Advisory Board and Executive Committee of The Women’s Board of Wolfson Children’s Hospital
Photograph by laird
You have served on The Women’s Board of Wolfson Children’s for decades, including being president of the board. Can you tell us a bit about what this important board’s current (and/or historic) activities and functions might be?
The Women’s Board, with more than 400 members, will celebrate its 50th anniversary in 2022. Formed in 1973 by Ellen Cavert, our mission remains the same today as when the first 41 members were brought together: The Women’s Board creates awareness of Wolfson Children’s Hospital and raises funds to ensure the best health care for every child who is served by Wolfson. To date, more than $34 million has been given to Wolfson. I’m proud that my mother-in-law, Hazel Wolfson, was one of Ellen’s friends and a founding member.
The board has raised funds for practically every area of the hospital. Starting with the 1977 gift of $70,000, we’ve raised funds for the Neonatal Intensive Care Unit (NICU) four times. Our current fundraising project of raising $4 million by December 2022 supports an endowment for the new NICU scheduled to open 2/22/2022 in the new Critical Care Tower. We have to be ambitious to reach this goal primarily by raising funds through the new Winter Design Show and our Florida Forum Speaker Series.
We lost Ellen this past August 4 at age 101, but her faith, spirit, and commitment to the needs of babies and children remain. Ellen has always been a huge part of my life since I became a member in 1986. She and her husband, Tillman, were my counsel and encouragement, especially while I was president in 2006-07. Her words and wisdom still seem to temper each day for me.
Wolfson Children’s Hospital is named after your husband’s grandfather, the late Morris Wolfson or “Pop.” What does this legacy mean to your family?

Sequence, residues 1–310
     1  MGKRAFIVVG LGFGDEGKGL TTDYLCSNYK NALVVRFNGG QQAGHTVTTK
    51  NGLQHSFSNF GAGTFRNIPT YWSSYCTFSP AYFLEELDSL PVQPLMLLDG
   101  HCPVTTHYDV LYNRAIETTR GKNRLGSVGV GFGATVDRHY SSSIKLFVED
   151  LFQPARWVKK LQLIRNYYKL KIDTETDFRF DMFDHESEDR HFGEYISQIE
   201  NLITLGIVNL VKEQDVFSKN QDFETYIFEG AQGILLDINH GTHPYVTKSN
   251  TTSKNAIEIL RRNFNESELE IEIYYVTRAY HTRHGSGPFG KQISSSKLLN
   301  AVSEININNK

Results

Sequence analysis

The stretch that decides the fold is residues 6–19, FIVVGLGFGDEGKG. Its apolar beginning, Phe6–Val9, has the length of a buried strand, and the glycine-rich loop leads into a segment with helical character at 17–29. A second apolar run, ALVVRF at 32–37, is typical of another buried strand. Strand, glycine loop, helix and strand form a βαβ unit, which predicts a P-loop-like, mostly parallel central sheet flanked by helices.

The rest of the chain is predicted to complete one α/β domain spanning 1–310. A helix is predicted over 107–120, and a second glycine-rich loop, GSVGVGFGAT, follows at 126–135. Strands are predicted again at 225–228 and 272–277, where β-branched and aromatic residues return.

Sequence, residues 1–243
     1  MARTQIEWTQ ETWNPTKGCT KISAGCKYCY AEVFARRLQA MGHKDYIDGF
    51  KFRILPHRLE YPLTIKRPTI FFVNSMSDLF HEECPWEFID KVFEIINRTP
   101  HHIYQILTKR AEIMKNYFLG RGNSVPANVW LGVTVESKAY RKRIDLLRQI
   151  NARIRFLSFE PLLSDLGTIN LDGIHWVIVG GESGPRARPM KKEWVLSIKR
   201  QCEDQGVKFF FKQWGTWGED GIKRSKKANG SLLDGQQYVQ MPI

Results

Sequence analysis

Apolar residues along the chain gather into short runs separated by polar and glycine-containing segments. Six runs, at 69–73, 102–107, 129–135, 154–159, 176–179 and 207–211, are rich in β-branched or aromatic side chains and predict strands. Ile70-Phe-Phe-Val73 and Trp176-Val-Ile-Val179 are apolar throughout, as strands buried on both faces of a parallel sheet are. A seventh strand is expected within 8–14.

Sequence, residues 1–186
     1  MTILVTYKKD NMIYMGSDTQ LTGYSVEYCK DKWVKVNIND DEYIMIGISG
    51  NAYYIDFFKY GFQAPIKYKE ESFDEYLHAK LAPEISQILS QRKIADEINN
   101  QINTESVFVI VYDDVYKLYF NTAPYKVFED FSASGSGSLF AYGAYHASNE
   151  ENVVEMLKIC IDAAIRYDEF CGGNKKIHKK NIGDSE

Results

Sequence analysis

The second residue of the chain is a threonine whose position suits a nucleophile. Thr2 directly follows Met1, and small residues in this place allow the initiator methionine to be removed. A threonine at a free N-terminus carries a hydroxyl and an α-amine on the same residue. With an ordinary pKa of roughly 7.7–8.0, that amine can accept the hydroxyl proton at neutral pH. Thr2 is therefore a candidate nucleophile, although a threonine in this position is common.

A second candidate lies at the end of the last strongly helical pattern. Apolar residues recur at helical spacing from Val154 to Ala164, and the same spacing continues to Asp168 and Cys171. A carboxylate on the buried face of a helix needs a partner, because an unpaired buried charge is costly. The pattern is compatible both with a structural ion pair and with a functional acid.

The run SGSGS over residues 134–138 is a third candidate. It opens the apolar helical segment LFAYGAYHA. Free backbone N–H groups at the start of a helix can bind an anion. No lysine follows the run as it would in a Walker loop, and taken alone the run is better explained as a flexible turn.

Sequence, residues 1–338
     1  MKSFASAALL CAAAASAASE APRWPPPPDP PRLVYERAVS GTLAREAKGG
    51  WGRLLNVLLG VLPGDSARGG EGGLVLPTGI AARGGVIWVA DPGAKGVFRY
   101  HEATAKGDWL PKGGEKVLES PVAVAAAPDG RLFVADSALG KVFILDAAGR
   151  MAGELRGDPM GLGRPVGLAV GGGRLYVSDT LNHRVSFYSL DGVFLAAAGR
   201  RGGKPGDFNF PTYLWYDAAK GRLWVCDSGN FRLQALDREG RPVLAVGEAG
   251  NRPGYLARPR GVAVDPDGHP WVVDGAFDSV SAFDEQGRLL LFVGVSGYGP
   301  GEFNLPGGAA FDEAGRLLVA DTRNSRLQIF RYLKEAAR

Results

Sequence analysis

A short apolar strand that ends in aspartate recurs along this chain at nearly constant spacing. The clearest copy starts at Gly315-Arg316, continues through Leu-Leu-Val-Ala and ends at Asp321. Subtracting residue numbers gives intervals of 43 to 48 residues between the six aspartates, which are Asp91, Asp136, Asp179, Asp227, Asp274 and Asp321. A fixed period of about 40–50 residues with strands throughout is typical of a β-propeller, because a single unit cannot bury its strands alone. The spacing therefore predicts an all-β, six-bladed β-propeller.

Our family feels enormously blessed to have a legacy like this. My husband, Don, was a baby when his grandfather died, but Pop’s humility and commitment to serving others were entrenched in Don’s father, uncles, and aunts. Pop, a Lithuanian immigrant who came to this country in the steerage of a ship, felt enormous gratitude when he became an American citizen. He had a dream to pay back the good fortune of being in this country by establishing a children’s health clinic where all children could be admitted and treated without regard to creed, religion, race, or financial position. It was to be a place free of prejudice.
You have to remember that this was 1946 when people weren’t thinking about prejudice or philanthropy. Our entire family, including Pop’s great grandchildren—who are our children—are serving and giving to Wolfson Children’s. It’s a deep honor that is extremely humbling.
Your first career was teaching, focused on reading skills. Do you bring this experience into your volunteerism?
My love for children and families is the basis of my love for teaching and serving others. Yes, I do use my teaching experience in working with other volunteers, patients, and their families. I taught mass media for several years, and my limited marketing knowledge and writing skills have been used a lot in promoting Wolfson Children’s and The Women’s Board events and patient stories. Also, being an educator teaches one to reach out to others for help, and so many incredible people want to be a part of helping children.